Hillary Clinton was slated Tuesday to unveil a plan to lower prescription drug costs, which would build on aspects of the Affordable Care Act, President Barack Obama’s health care law. Clinton’s plan would change the way drug companies operate by requiring them to reinvest profits in research and by denying tax breaks for television advertising. It would also allow Medicare to negotiate lower prescription drug costs, and aim to cap out-of-pocket expenses, helping people with serious and chronic health conditions.

As rising drug costs have become a major issue for consumers, Clinton has addressed high drug prices as part of her regular speech at recent campaign events in Louisiana, New Hampshire and Iowa. At a campaign event in Louisiana on Monday, Clinton said she would “crackdown on these expenses.” "We will start by capping how much you have to pay out of pocket for prescription drugs each month. And we're going to hold drug companies accountable as we work to drive down prices," Clinton said.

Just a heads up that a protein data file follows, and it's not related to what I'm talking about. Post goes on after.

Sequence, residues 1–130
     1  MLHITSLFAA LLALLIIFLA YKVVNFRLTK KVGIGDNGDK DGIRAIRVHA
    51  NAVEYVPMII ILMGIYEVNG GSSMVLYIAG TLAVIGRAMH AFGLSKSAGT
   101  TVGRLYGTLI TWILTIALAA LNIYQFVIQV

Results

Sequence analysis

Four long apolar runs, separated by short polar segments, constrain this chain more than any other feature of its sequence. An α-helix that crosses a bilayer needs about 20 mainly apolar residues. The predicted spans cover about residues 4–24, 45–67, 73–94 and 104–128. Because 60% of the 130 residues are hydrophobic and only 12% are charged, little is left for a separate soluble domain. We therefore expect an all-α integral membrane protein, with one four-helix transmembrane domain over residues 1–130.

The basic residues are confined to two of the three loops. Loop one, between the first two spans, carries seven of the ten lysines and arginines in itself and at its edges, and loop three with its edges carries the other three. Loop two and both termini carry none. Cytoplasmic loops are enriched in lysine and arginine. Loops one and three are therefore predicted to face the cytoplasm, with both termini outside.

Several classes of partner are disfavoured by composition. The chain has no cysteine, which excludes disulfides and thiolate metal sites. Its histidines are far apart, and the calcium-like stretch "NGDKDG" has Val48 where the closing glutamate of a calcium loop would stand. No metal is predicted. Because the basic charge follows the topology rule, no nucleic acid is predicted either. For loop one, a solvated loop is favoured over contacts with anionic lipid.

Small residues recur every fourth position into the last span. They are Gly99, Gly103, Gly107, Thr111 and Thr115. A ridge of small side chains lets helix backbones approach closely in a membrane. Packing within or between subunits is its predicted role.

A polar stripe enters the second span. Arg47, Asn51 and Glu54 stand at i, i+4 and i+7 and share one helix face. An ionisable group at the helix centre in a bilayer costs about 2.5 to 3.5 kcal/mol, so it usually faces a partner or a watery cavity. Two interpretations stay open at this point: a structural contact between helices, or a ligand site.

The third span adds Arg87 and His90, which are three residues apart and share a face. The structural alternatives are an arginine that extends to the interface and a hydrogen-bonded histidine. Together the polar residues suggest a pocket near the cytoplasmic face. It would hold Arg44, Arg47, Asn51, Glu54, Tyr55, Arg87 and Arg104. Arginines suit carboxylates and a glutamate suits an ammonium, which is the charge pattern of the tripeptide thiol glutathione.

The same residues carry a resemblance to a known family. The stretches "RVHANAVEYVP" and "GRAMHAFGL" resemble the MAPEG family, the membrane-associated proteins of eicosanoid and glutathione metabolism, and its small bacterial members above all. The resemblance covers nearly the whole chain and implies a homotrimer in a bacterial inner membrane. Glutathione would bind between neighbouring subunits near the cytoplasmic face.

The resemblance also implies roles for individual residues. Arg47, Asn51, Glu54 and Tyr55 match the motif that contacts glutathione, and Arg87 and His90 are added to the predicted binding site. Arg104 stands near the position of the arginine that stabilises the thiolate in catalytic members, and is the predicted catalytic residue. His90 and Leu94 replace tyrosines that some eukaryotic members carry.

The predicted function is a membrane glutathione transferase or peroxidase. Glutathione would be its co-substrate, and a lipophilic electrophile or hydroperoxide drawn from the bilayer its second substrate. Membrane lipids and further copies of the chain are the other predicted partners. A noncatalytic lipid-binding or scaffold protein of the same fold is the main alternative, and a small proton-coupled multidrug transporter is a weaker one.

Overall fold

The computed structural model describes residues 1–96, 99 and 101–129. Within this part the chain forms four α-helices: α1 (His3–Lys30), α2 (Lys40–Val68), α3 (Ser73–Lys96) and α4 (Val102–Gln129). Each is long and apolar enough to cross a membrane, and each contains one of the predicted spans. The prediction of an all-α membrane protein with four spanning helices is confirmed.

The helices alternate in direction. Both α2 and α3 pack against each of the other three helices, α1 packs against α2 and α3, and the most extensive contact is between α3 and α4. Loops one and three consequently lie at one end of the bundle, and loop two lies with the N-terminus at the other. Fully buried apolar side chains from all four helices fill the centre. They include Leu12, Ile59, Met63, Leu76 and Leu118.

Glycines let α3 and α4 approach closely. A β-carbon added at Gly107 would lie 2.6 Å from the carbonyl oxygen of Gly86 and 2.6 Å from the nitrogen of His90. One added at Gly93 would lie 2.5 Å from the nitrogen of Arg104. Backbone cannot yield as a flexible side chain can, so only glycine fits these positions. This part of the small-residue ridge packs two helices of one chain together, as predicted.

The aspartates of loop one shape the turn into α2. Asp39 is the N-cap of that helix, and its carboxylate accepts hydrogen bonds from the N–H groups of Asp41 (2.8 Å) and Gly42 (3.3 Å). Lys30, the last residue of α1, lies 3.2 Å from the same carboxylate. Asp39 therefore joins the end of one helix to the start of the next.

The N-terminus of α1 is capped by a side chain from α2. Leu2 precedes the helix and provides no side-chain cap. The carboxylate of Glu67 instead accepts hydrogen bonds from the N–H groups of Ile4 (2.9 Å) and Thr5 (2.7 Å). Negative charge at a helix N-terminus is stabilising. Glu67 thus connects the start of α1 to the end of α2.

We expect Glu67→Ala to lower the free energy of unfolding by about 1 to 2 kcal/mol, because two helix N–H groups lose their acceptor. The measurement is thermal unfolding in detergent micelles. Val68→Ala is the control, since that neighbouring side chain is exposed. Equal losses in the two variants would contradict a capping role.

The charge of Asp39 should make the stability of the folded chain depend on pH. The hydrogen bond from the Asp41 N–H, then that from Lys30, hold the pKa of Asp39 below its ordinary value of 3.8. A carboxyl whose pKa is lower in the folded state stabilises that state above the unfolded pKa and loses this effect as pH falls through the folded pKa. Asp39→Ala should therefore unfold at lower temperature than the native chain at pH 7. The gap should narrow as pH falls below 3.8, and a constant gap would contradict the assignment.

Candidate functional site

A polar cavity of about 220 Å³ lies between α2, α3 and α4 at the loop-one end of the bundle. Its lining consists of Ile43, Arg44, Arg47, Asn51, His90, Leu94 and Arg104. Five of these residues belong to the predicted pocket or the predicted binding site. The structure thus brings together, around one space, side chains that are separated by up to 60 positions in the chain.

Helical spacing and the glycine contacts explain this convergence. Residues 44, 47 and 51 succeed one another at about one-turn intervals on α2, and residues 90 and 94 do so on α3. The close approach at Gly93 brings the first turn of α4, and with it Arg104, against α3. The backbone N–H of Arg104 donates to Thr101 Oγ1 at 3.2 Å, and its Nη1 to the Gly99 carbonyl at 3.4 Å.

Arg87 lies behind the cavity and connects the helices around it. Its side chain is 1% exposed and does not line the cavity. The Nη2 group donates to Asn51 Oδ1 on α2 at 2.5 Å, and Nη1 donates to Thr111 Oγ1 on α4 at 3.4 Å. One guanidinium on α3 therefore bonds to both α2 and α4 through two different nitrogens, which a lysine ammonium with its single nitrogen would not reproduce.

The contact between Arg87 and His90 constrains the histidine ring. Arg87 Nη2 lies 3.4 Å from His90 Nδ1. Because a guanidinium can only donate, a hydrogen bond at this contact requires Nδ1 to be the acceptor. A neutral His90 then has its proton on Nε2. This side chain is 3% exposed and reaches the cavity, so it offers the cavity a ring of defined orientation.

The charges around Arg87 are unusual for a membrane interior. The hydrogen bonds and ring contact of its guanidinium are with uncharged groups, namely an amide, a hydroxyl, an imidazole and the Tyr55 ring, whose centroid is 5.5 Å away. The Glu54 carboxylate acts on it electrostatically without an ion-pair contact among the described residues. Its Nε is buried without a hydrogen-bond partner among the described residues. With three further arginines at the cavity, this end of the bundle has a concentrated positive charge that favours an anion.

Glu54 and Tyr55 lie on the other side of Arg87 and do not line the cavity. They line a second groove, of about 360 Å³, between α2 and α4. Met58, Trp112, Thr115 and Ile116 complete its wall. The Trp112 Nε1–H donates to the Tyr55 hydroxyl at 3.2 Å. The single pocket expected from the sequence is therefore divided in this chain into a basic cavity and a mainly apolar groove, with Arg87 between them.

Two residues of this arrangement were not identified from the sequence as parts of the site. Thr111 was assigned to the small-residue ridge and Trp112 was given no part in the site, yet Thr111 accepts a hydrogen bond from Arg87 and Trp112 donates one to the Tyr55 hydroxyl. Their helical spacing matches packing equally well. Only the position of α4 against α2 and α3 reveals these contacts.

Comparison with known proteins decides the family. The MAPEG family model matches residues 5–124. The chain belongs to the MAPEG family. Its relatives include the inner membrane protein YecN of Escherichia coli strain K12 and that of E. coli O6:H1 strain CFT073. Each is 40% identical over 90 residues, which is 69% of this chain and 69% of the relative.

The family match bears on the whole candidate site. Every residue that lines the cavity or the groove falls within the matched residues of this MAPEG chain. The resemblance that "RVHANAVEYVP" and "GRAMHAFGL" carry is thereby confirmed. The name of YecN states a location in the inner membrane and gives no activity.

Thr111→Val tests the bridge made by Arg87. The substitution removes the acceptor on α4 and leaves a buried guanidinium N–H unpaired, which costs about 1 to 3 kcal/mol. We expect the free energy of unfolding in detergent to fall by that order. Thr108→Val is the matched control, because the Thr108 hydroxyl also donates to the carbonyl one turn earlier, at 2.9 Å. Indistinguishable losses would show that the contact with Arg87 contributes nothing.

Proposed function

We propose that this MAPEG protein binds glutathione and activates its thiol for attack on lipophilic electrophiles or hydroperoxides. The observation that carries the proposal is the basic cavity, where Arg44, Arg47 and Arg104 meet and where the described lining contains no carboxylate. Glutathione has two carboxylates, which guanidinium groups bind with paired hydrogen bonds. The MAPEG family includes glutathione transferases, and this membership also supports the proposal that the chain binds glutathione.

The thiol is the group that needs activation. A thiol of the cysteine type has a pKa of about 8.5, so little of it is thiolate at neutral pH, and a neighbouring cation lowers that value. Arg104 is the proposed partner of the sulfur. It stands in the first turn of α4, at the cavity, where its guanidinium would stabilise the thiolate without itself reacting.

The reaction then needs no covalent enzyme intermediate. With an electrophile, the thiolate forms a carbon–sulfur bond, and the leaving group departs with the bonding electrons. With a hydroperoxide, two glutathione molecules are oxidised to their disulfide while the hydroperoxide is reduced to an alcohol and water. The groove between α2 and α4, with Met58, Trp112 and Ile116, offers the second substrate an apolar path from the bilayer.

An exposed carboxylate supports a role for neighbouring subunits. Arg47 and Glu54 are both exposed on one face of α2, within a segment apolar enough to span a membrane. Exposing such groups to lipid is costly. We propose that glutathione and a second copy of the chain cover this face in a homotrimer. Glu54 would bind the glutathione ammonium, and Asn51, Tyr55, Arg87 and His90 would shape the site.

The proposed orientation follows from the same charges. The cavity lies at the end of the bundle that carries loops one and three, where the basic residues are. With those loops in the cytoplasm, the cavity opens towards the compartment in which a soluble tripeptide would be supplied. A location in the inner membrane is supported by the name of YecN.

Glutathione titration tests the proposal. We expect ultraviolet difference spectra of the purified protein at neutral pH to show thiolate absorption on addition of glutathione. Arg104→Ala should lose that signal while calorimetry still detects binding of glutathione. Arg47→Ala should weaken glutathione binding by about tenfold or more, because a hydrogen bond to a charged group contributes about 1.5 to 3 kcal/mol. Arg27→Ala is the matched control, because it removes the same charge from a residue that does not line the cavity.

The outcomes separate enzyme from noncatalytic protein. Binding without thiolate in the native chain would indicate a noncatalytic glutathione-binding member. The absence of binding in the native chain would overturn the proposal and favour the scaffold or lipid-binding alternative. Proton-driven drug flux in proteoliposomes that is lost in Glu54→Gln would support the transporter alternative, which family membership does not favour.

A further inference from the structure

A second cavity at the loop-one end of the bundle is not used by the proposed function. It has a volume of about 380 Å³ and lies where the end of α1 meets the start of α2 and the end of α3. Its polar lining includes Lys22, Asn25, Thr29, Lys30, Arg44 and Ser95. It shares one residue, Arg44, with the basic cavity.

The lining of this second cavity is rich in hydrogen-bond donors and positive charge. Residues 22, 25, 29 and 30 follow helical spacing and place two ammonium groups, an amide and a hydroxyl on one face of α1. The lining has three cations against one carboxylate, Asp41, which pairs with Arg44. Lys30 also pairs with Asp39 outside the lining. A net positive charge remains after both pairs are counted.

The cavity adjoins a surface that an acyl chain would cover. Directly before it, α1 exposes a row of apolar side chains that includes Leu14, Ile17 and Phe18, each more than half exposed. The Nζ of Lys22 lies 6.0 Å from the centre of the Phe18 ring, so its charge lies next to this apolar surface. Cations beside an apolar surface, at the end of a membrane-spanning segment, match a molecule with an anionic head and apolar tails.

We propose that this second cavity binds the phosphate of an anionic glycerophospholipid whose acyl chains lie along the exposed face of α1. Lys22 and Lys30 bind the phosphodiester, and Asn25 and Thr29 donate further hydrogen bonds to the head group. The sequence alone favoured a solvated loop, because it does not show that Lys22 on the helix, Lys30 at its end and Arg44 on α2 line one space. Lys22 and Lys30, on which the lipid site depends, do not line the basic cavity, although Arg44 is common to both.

The Democratic presidential candidate’s plan, which she will announce at a community forum in Des Moines, Iowa, is part of a weeklong focus on health care. While Obama’s health care law has been controversial, particularly among Republicans, Clinton has said she fully supports it. Her proposed plan works with the existing law and adds her own stamp.

Her opponent for the presidential nomination, Vermont Sen. Bernie Sanders, is in favor of a single-payer health care system. He introduced legislation this month that would also allow Medicare to negotiate prices with drug companies and would allow Americans and resellers to import drugs from Canada, meaning cheaper costs for consumers.

A focus of Clinton's plan would require health insurance plans to limit out-of-pocket prescription drug costs to $250 per month for individuals. This could affect up to 1 million people, according to the Associated Press.

Clinton tweeted about drug prices on Monday, providing a brief peek at her plan when she said that “Price gouging like this in the drug market is outrageous.”